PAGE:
First particles collide in the Large Hadron Collider
The first protons collided in the Large Hadron Collider today at CERN outside Geneva, Switzerland. The four largest detectors at the LHC all recorded candidate collision events. Scientists at CERN, throughout the United States, and around the world celebrated the news.
"This is a very exciting moment after so many years of preparation,” said Andrew Lankford from the University of California, Irvine, deputy spokesperson for the ATLAS experiment. Beams were first tuned to produce collisions in the ATLAS detector, which recorded its first candidate for collisions at 2:22 p.m. local time. "The real accomplishment belongs to the accelerator scientists for bringing the beams into collision so quickly after they were first circulated,” he added.
These first collisions are another milestone on the way to the ultimate goal: high-energy collisions of protons in the center of the LHC experiments. They follow a weekend of rapid progress for the LHC. After more than one year of repairs, on Friday evening, November 20, beams were once again circulating in the collider. Over the weekend, the LHC team carefully studied the beams one at a time. Today at approximately 1:30 local time, two beams circulated at the same time for the first time in the LHC. As the two circulating beams passed through each other, protons from each beam hit one another, and the resulting spray of particles registered in the ALICE, ATLAS, CMS, and LHCb detectors.
“It’s a great achievement to have come this far in so short a time,” said CERN Director General Rolf Heuer in a statement issued by the laboratory. “But we need to keep a sense of perspective – there’s still much to do before we can start the LHC physics programme.”
These particular collisions happened against the odds. When the LHC is fully operational, each beam will consist of almost 3000 bunches of more than one hundred billion protons each. Despite the enormous number of protons, each bunch will still contain mostly empty space, and operators will "squeeze" them to increase the chances of two protons colliding. Today, during the testing phase of the accelerator, each beam only contained one bunch of several billion protons, and the beams were not squeezed. Thus the chance of two protons colliding as the bunches passed through each other was very small, and resulted in relatively few recorded collisions in each experiment.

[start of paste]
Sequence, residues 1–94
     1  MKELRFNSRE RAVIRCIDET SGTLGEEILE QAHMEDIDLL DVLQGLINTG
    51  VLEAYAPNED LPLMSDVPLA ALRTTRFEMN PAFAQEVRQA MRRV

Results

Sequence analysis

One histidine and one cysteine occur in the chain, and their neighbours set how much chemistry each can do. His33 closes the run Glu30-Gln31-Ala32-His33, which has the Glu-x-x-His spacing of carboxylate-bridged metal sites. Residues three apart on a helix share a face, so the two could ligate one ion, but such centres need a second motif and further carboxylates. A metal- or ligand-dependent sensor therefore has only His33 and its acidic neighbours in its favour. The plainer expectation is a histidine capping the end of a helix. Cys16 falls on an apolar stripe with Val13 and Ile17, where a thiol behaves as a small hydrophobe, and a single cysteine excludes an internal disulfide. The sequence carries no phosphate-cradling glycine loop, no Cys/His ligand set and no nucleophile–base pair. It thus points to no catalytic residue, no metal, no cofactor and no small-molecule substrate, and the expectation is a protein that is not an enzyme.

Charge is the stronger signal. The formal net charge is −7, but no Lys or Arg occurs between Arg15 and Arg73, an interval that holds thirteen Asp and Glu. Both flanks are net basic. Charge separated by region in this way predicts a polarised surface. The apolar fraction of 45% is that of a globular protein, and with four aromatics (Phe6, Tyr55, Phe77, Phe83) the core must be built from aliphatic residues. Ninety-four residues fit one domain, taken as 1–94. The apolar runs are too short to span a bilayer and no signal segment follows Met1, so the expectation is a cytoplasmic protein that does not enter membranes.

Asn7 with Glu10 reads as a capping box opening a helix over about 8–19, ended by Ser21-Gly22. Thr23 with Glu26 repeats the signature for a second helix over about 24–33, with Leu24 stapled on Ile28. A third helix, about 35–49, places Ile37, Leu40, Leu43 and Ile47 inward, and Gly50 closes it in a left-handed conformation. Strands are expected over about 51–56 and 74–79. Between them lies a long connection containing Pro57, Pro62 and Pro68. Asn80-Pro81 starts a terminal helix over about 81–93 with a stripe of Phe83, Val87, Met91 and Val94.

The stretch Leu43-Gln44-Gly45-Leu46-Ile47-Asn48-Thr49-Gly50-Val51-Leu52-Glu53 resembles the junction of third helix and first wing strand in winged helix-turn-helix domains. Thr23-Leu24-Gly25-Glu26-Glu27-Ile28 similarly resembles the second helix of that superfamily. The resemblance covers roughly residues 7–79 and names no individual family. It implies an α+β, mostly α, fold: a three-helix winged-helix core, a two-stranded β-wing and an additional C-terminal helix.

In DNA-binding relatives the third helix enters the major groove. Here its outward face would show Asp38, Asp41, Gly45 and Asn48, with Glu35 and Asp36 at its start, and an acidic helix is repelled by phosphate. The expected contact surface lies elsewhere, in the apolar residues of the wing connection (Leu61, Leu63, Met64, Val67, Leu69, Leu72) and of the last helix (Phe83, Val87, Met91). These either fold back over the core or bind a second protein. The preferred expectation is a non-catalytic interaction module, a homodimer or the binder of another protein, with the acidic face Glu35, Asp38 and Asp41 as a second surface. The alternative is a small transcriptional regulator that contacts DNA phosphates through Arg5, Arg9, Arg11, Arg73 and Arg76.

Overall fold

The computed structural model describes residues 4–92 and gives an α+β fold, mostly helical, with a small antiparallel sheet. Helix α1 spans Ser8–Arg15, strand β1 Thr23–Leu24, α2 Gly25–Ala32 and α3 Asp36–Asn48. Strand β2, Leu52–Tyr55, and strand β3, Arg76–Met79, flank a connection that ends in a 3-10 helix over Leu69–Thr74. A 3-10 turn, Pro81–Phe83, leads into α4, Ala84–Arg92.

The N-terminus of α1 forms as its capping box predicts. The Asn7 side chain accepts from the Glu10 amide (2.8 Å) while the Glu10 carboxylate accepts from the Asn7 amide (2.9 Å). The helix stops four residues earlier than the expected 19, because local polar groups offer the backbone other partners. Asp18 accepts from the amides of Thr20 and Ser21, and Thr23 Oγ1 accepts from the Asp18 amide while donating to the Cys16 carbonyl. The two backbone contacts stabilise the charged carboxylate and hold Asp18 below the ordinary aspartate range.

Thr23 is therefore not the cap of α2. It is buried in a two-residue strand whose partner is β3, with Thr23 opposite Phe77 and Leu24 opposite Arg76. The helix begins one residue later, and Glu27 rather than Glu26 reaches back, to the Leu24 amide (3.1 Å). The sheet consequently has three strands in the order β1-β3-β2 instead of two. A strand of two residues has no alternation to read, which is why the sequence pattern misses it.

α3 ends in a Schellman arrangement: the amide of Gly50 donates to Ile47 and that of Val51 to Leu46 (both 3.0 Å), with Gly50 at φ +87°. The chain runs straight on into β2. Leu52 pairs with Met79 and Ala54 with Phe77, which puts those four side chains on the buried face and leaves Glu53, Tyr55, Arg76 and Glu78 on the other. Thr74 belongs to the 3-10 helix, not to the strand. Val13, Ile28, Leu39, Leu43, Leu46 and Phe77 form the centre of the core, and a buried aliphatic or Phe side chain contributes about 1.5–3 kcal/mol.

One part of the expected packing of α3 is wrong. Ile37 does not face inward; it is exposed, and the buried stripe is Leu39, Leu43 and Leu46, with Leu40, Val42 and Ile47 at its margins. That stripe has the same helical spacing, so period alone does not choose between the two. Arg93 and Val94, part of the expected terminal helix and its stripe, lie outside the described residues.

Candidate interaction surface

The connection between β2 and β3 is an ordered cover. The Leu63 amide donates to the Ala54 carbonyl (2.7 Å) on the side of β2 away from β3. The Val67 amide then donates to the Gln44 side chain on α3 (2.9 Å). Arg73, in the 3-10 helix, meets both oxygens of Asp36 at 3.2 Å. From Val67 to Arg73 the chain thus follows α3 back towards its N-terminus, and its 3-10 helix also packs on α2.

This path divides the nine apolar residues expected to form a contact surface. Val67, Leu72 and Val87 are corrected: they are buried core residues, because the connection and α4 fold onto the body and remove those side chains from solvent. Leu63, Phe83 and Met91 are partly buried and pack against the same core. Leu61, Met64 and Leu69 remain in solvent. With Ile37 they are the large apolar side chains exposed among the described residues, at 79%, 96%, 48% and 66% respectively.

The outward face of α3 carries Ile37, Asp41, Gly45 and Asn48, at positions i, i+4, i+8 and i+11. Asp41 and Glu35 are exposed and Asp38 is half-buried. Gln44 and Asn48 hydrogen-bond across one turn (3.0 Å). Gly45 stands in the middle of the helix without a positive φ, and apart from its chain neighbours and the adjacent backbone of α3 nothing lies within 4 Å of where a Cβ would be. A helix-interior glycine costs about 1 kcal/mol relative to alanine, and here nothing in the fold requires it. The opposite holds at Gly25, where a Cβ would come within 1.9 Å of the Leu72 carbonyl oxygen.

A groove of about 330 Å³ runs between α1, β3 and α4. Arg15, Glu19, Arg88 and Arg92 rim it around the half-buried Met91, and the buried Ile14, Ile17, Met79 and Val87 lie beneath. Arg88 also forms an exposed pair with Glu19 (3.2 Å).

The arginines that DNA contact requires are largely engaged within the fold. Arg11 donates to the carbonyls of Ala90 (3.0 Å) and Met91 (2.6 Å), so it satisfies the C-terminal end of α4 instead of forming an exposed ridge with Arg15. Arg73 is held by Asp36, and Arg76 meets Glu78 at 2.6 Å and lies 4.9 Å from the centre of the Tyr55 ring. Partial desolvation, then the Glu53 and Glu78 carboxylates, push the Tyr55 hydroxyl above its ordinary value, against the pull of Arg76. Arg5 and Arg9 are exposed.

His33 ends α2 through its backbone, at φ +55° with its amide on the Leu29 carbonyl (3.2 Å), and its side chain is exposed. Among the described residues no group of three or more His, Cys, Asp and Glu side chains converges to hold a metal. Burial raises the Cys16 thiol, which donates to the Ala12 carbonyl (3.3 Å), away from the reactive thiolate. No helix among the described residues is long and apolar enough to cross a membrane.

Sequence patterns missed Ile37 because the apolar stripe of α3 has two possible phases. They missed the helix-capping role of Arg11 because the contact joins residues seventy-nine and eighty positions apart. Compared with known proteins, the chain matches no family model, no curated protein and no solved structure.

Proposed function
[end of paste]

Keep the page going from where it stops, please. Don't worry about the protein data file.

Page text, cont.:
"This is another great technical achievement for the LHC accelerator team and allows the collaborations on the LHC experiments to make further progress in preparing for first high-energy collision data," said Bob Cousins from the University of California, Los Angeles, deputy spokesperson for the CMS experiment. "We are getting a chance to test drive our detectors with real collision data."
More than 1700 scientists, engineers, students, and technicians from 97 US universities and national laboratories have helped design and build the LHC accelerator and its four massive particle detectors, known by their acronyms: ALICE, ATLAS, CMS and LHCb. They are joined by an estimated 8500 colleagues from 59 countries around the world. US participation from institutions in 32 states and Puerto Rico is supported by the Department of Energy’s Office of Science and the National Science Foundation.
“Everyone’s very excited,” said Tom LeCompte from the Department of Energy's Argonne National Laboratory, the physics coordinator for the ATLAS experiment. “We will use these very first collisions to determine if our detector is ‘in time,’ by which I mean that when a collision occurs, every part of the detector sees it happening at exactly the same time.”
Precise timing is critical for these huge detectors, where millions of separate detector elements, some separated from each other by tens of meters, must be synchronized to within one billionth of a second. The first collisions will also be used by scientists to calibrate and test many other parts of the complex detectors.
The first two protons collided at the relatively low energies with which they were injected into the LHC, 450 GeV each. Over the next few months, LHC scientists will raise the beam energy, aiming for collisions at the world-record energy of 3.5 TeV per beam in early 2010. With these high-energy collisions, the teams on the LHC experiments will embark on their quest to solve some of the mysteries of the universe.
American scientists have contributed critical components to the construction of the LHC accelerator and experiments, continue to play key roles in the operation of the detectors, and will be vital to the success of the experiments in their search for new phenomena such as the Higgs boson and the particles that make up dark matter.